I am in the middle of novel revisions, so naturally I am updating my language generators. I get kind of obsessed with them.
Random language generator
Lorem ipsem language generator
This demo generates lorem ipsem text up to as many paragraphs as you specify. Use it for your web design projects. It is created using Markov chains applied to a very long sample of pre-existing lorem ipsem.
Markov chain language generator
In a Markov chain model, the probability of each item (in this case a word) is based on the state of the previous item. A Markov chain language generator can generate real-sounding text given a source document by predicting which word will follow next after each word. Sample documents here include Alice in Wonderland, Ulysses, my very own vampire novel, the King James Bible, a Latin Bible, a few other texts, and user input where you can enter your own text.
I have been thinking a bit about my brand lately. I sometimes go by Kristen Ankiewicz, sometimes by Made of Monsters, and I have a couple of domain names too. I have heard that this dilutes one’s brand. I’m trying to fix that by consolidating all my stuff under one name. What do you think should be my username?
I will be sharing snippets from my novel Washing off the Glue in the hopes of getting some constructive feedback.
The first two paragraphs:
Marie came to Burning Man to let go of a memory.
Ten long years of searching for Dad, and she had nothing to show for it. What if he’s sick? What if he’s dead? She had no way of knowing. That’s the part that killed her. Rachel, her best friend and roommate, was probably right: She should give up the search and start living in the present.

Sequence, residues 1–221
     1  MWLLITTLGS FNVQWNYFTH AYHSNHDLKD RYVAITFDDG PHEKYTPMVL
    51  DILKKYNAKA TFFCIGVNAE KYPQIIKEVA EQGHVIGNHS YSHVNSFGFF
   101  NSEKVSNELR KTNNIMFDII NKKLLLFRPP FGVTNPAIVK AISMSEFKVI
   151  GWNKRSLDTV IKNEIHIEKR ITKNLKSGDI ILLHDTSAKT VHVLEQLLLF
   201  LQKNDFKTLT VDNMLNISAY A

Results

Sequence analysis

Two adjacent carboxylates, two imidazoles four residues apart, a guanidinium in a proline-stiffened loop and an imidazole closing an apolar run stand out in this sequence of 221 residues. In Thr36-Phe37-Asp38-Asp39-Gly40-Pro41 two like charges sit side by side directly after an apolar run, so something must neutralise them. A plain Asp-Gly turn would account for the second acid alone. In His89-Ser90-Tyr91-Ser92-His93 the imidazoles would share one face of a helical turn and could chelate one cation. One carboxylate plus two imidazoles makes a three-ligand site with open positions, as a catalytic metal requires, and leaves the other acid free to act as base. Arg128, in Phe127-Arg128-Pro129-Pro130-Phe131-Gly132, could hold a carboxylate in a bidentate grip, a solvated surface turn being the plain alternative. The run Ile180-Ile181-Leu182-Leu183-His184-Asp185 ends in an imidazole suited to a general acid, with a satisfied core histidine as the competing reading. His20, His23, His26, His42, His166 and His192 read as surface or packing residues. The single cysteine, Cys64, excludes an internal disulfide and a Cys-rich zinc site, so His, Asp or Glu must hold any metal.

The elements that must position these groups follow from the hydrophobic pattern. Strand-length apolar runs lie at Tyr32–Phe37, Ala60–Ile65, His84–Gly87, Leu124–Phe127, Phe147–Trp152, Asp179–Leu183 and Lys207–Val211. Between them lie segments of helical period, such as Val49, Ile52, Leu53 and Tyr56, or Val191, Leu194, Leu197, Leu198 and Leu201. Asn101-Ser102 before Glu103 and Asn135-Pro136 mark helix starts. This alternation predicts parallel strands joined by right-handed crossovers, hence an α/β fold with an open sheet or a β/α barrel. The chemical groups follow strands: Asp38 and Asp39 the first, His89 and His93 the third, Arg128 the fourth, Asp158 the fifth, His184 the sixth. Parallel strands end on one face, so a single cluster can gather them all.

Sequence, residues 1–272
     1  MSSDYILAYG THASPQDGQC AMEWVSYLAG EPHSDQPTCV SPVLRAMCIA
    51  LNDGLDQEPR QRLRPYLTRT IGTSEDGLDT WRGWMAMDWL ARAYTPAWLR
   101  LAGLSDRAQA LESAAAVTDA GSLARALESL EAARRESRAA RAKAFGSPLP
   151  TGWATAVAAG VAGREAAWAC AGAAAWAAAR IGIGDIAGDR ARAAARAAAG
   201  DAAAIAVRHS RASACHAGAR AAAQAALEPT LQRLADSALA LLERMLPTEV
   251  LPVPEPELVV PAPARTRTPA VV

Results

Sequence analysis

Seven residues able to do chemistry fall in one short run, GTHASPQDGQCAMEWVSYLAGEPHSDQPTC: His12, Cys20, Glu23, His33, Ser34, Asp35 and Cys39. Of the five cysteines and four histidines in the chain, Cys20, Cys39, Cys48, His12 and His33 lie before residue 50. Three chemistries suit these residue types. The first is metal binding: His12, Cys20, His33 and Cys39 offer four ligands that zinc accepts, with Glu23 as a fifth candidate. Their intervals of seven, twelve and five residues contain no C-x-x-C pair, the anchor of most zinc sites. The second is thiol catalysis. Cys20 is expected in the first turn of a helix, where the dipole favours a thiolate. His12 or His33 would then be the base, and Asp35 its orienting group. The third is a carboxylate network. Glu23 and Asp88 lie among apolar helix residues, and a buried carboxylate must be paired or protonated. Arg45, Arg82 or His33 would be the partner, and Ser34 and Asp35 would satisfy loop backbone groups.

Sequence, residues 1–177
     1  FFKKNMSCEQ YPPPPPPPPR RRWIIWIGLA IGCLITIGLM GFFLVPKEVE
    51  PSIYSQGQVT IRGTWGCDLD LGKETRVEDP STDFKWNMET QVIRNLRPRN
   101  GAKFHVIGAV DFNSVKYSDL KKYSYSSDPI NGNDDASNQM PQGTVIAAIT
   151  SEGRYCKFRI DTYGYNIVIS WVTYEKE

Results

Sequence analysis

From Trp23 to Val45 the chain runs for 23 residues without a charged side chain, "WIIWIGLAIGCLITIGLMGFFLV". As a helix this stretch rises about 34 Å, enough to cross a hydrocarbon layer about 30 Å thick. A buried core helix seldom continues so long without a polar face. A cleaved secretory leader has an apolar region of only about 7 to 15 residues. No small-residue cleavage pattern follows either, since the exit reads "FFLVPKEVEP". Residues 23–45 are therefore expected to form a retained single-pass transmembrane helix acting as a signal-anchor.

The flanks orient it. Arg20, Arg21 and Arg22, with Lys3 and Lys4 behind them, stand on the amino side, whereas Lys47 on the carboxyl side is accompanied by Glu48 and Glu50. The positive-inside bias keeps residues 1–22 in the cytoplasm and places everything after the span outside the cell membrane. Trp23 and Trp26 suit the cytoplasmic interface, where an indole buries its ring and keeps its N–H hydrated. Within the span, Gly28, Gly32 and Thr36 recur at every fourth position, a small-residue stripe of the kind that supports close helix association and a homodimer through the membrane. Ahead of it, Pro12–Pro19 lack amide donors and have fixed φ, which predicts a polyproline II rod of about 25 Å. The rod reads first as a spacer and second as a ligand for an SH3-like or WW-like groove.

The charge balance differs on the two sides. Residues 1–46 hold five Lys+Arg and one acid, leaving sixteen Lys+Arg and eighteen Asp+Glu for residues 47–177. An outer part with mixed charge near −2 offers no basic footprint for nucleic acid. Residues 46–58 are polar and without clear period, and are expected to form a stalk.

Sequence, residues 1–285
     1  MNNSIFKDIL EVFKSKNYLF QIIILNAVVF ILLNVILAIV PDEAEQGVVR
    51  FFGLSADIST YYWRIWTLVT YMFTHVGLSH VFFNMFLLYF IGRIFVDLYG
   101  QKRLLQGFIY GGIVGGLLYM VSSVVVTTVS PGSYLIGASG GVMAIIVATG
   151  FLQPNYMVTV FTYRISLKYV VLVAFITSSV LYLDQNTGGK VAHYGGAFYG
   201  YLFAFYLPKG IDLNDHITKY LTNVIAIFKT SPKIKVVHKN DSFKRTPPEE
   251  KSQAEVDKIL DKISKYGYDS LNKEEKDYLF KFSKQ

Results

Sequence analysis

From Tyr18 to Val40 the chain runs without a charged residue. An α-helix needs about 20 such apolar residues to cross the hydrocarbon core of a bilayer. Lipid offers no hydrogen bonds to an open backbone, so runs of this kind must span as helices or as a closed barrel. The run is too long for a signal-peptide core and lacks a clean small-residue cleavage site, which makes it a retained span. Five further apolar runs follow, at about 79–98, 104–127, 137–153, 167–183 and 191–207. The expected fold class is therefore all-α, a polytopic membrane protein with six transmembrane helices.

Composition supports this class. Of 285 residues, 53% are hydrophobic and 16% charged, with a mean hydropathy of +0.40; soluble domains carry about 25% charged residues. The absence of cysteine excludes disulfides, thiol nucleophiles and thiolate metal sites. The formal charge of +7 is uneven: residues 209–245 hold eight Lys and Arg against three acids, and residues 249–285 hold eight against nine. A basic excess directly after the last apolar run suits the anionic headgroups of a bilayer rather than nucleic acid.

I am told “absent or missing fathers” are a cliche in novels, but I’d like to think I have a novel (so to speak) approach. It’s not about the father; it’s about the main character, Marie, who embarks on an obsessive search for him, and encounters all sorts of problems of her own.
I spent a good eight hours today revamping ankiewicz.com, and enlarging all the thumbnail images, bandwidth be damned. I am writing a novel, so naturally I spent all day twiddling with images that have nothing to do with my novel. In the interest of preparing for this novel, I wanted to start a blog about writing, procrastination, and the process. I debated five ways to Sunday whether or not to host my blog on wordpress.com, or ankiewicz.com. Pros to self-hosting: complete control of the look and feel. Cons to self-hosting: no real access to the community and wordpress.com ecosystem.
It’s probably six of one. I decided to host the blog here on wordpress.com.
Feel free to use those sentences in your own writing projects.
I am a little obsessed with it. I strive to make it better and better. I want the output to be as natural-sounding as possible. It is satisfying when it spits out realistic-sounding sentences. It’s extremely satisfying when the grammar is correct. I spent hours getting the plurals of the nouns to match the verbs. I spent forever deciding whether or not a sentence needs an adjective, an adverb, or a prepositional phrase.
It will never produce a novel. If I spend half as much energy on my novel as I do on this thing, I’d be done by now. Yet, I am fascinated by the process of creating machine-generated sentences. I am drawn to it. Occasionally, from an unexpected and surprising turn of phrase, I get inspiration.
Below is an example of a fractal I wrote in PostScript long ago when I used to be a PostScript developer. I have been playing with my pseudo-fractals. They are repeating & branching designs generated by simple mathematical rules. I wrote them in PostScript and generated the output using Preview on Macintosh. You can also open the PostScript files in Adobe Acrobat Distiller or GhostView. Someday I will try writing these in the <canvas> tag. Someone has informed me that this is a true definition of a fractal, not necessarily “pseudo”, though I think I have a ways to go before they are as beautiful as these. If you like PostScript art, check out my fonts too.
I have updated several of my websites to be more cleanly responsive. A responsive website will fit any layout, including phone and table. Additionally it should elegantly resize between various sizes on a desktop. Responsive design is best practice because in today’s world of proliferating devices, it means one set of code serving up the widest set of platforms; it also doesn’t lock the user into a specific design.
Resize the following websites in your browser, or visit them on your phone and tablet: